Development and applications of Diels-Alder cycloadditions of 2'-hydroxychalcones
MetadataShow full item record
Single electron transfer (SET)-initiated formal [4+2] cycloadditions of 2'-hydroxychalcones have been achieved employing a combination of Lewis acid and electron donor as catalyst. Mechanistic studies using cyclic voltammetry (CV) and deuterium labeling experiments suggested a radical anion-mediated stepwise mechanism. The utility of this methodology was established in the first total synthesis of natural product nicolaioidesin C. A novel silica-supported silver nanoparticle (AgNP) catalyst has been developed as a highly active, reusable, and user-friendly catalyst for Diels-Alder cycloadditions of 2'-hydroxychalcones, as showcased by the first total synthesis of natural product panduratin A. Our work demonstrates results from an interdisciplinary research project involving synthetic methodology development, nanometric material preparation, heterogeneous catalysis, natural product synthesis, and mechanistic studies using various instrumental techniques. Biomimetic, dehydrogenative cycloadditions of 2'-hydroxychalcones have been achieved using a mixture of platinum on activated carbon (Pt/C) and silica-supported silver nanoparticles (AgNP's) catalysts. This heterogeneous multicatalytic protocol converts a prenyl subunit in situ to diene which subsequently reacts with a 2'-hyroxychalcone dienophile to provide Diels-Alder cycloadducts in a single step. Using this methodology, a concise synthesis of the core structure of the natural product brosimone B has been accomplished. Enantioselective cycloadditions of 2'-hydroxychalcones have been established with excellent yields and enantioselectivity. Two optimized catalytic conditions have been developed: the first method utilizes a catalyst system comprised of chiral rare earth metal complex and electron donor; the second approach involves a chiral borate catalyst. The asymmetric total synthesis of natural product (+)-sorocenol B has been pursued.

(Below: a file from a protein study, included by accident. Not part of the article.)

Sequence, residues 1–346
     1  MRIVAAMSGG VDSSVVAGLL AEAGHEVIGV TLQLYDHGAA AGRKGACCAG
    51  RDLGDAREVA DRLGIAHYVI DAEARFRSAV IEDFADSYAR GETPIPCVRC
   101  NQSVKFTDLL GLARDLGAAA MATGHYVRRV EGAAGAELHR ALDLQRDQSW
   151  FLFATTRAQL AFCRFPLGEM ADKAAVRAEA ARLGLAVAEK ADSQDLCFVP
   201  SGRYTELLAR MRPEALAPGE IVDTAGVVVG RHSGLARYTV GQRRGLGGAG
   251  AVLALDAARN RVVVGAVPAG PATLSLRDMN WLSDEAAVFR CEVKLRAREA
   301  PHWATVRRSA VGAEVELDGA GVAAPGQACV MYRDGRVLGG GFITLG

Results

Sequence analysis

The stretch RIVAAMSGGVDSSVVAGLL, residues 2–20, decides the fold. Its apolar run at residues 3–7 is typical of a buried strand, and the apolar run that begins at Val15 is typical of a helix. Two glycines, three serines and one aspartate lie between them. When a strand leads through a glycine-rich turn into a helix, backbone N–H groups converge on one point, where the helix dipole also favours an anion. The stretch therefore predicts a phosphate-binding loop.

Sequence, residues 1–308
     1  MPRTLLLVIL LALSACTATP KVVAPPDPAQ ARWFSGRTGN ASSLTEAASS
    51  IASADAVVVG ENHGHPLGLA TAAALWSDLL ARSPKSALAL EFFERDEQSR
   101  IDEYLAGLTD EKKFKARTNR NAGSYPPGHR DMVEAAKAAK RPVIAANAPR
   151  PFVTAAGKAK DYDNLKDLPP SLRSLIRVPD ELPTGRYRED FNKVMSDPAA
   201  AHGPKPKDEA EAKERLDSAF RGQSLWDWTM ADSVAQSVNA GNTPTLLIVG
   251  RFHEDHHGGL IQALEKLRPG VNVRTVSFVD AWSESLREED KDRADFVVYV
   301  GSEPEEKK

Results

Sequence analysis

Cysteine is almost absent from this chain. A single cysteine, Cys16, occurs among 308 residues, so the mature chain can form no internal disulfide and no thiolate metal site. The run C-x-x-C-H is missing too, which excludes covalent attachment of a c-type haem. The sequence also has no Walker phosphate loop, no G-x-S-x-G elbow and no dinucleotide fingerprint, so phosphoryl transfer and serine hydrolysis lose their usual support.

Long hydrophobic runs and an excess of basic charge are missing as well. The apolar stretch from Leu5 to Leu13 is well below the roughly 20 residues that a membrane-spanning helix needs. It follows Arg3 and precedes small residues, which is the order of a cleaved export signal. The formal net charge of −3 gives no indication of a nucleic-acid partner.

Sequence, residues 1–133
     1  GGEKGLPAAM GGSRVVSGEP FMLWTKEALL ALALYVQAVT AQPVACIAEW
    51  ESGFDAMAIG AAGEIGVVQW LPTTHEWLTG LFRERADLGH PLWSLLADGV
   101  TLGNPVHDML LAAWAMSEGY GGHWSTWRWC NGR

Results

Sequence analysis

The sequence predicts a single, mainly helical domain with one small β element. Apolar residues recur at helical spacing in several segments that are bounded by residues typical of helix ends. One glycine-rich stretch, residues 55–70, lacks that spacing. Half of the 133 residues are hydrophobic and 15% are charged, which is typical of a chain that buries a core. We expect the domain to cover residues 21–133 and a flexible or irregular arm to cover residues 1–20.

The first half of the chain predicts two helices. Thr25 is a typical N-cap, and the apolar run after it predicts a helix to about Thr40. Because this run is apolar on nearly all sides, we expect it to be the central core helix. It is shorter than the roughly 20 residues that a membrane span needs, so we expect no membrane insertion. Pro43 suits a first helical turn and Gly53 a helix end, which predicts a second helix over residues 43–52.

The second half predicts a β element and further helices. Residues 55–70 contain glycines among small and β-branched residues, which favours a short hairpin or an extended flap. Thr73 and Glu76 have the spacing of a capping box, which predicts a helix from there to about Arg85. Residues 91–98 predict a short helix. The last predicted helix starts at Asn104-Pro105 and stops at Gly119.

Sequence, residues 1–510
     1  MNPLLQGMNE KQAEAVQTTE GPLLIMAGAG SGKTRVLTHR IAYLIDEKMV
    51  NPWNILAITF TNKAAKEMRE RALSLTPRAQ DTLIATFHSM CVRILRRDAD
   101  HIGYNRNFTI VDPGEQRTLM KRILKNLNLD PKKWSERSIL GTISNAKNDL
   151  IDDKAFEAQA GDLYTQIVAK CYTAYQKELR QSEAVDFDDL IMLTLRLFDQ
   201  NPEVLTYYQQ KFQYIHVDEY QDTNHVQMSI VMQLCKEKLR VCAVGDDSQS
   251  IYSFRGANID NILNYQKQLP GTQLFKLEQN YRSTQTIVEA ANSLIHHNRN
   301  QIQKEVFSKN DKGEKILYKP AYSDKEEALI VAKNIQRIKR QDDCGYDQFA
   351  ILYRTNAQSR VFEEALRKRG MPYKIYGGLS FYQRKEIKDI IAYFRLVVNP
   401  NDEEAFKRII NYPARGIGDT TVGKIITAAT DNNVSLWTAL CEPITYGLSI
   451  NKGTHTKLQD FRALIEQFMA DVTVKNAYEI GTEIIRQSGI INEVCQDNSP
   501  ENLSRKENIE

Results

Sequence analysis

Thesis (Ph.D.)--Boston UniversityPLEASE NOTE: Boston University Libraries did not receive an Authorization To Manage form for this thesis or dissertation. It is therefore not openly accessible, though it may be available by request. If you are the author or principal advisor of this work and would like to request open access for it, please contact us at firstname.lastname@example.org. Thank you.